Negotiations on trade and Brexit continue, but has progress been made?
Trade tensions continue to dominate market focus in the US.
The US announced it would defer the planned increase in tariffs - to 30% from 25% - on $250bn of China imports, in exchange for $40-50bn of agricultural product purchases by China, a transparent currency regime and increased US access to Chinese financial services. Though this is a positive development, we are sceptical of how long this might last. China subsequently suggested that these “Phase One” agreements should be subject to further talks before it signs any partial trade deal at the upcoming Asia-Pacific Economic Cooperation meeting in November. Moreover, “Phase Two” negotiations, concerning intellectual property protection and forced technology transfer, have always been thornier and are implicitly associated with the potentially more damaging tariff increases still scheduled for 15 December.
Trade tensions will continue to dominate the economic outlook.
The coming week’s Empire State and Philadelphia Federal surveys will provide the first estimates of October’s US manufacturing activity. Given the deterioration in both manufacturing and non-manufacturing surveys so far, we expect the Federal Reserve to announce a further 0.25% cut to the Fed Funds Rate at its meeting on 30 October, as well as resuming balance sheet expansion - albeit for liquidity, rather than monetary policy reasons.
Last week’s surprise Brexit development was that a private meeting between UK Prime Minister Boris Johnson and the Irish Taoiseach Leo Varadkar resulted in what was described as a “pathway to a deal”. After weeks of negative reporting, the ensuing few days have seen the UK and European Union (EU) in “intense” negotiations to finalise a deal, though few details have emerged.
This led to a marked 4% rally in sterling to $1.27 to the US dollar from $1.22 at the end of last week. However, the EU negotiator Michel Barnier suggested yesterday that the UK’s proposals were “fiendishly complex” and “lacked detail”. The prospect of finalising a deal by Thursday – the EU Summit - appears a tall order and sterling has retreated to $1.26. After that, the UK’s upcoming Saturday session of Parliament will coincide with PM Johnson’s legal obligation to seek to extend Article 50. This, we think, is likely to be followed by the scheduling of a UK General Election, which could see the momentum to finalise a Brexit deal dissipate. But recent developments will be important if PM Johnson is returned with a majority after an election.
Events over the coming three weeks until 31 October will remain very fluid and will overshadow the important labour market and inflation data reported on Tuesday and Wednesday.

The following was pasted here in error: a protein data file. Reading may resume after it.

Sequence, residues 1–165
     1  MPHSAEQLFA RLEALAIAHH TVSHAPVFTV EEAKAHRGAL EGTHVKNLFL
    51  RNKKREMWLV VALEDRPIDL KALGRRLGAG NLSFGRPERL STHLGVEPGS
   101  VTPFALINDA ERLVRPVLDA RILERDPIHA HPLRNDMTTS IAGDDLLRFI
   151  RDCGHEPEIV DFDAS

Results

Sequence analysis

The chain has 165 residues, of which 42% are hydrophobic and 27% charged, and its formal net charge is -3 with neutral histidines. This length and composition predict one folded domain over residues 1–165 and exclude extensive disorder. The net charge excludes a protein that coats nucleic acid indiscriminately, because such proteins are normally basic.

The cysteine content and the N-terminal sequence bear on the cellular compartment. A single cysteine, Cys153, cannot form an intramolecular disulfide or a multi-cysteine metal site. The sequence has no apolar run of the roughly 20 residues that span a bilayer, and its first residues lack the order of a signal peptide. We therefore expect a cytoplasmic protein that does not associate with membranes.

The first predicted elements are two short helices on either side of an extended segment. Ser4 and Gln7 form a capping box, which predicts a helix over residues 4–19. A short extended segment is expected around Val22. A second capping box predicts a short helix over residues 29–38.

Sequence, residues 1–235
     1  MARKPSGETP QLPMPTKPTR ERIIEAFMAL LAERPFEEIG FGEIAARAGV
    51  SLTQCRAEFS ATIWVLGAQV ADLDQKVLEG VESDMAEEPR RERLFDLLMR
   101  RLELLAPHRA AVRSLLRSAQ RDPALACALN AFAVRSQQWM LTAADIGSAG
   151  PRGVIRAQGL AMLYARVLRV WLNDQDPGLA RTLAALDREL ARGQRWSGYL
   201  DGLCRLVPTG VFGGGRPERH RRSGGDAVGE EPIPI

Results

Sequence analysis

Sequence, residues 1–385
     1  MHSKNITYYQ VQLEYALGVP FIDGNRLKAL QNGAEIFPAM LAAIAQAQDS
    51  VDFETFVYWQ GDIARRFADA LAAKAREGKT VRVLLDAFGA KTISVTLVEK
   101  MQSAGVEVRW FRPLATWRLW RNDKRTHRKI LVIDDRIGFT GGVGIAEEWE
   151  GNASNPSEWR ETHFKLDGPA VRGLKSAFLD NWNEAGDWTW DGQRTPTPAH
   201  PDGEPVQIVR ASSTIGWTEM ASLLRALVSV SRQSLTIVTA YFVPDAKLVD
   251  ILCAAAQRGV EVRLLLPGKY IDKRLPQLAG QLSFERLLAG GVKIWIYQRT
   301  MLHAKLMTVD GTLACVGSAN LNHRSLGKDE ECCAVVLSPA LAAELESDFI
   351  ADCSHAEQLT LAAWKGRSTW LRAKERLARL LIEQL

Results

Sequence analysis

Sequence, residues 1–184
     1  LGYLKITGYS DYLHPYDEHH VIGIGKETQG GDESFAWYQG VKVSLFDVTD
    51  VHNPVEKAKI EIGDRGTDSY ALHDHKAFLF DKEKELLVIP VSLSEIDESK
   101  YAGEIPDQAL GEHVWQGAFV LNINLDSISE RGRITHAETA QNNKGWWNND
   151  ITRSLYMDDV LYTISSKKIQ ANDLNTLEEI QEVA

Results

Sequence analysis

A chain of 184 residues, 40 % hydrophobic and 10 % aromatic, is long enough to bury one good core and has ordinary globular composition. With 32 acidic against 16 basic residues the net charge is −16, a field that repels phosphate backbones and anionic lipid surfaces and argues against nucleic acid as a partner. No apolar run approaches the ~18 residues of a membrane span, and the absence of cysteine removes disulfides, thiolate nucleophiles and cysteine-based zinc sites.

The European Central Bank minutes released last week revealed that although there was broad agreement on the protracted weakness of the euro area economy and the need to act, the decision to restart quantitative easing was very controversial.
This came as no surprise given the vocal criticisms and remarks made by individual Council members over the past few weeks. This week the annual International Monetary Fund (IMF) and World Bank meetings will be worth watching with Christopher Lane, Jens Weidmann, François Villeroy de Galhau, Pablo Hernándex de Cos and Ignazio Visco scheduled to speak. The main event will of course be the EU/UK summit, while the data calendar is light with only the ZEW economic sentiment survey tomorrow. Last week, German industrial production and trade data suggested that Germany could escape technical recession in the third quarter (Q3), but indications for Q4 remain bleak.
Polish parliamentary election results are due today.
Exit polls suggest that the ruling Law and Justice party (PiS) could have obtained a simple majority in the Lower House (Sejm) with 43.6% of votes in its favour. As such, PiS should be able to form a government on its own again. This would be in line with indications from pre-election opinion polls and most likely with financial markets expectations. The growth-stimulative policies of the PiS are therefore likely to continue.
US: Empire State manufacturing survey (Tuesday), retail sales, NAHB housing market index, Federal Reserve releases Beige Book (Wednesday), Philadelphia Fed manufacturing index, industrial production (Thursday)
Euro Area: German ZEW sentiment survey (Tuesday), Consumer Price Index (CPI) (Wednesday), European Union Council Summit (Thursday and Friday), Swiss General Election (Sunday)
UK: State Opening of Parliament, Bank of England (BoE)’s Deputy Governor Sir Jon Cunliffe speech in London (Monday), unemployment, BoE Governor Mark Carney gives parliamentary testimony, BoE’s Gertjan Vlieghe speech in London (Tuesday), CPI, Governor Carney takes part in an IMF panel discussion and speaks at Harvard Kennedy School (Wednesday), retail sales (Thursday), Parliament sitting after EU Council (Saturday)
China: Trade balance (Monday), CPI (Tuesday), Q3 GDP (Friday)
Other: IMF World Economic Outlook published (Tuesday), IMF Global Financial Stability Report published (Wednesday), IMF Managing Director Kristalina Georgieva press conference (Thursday)
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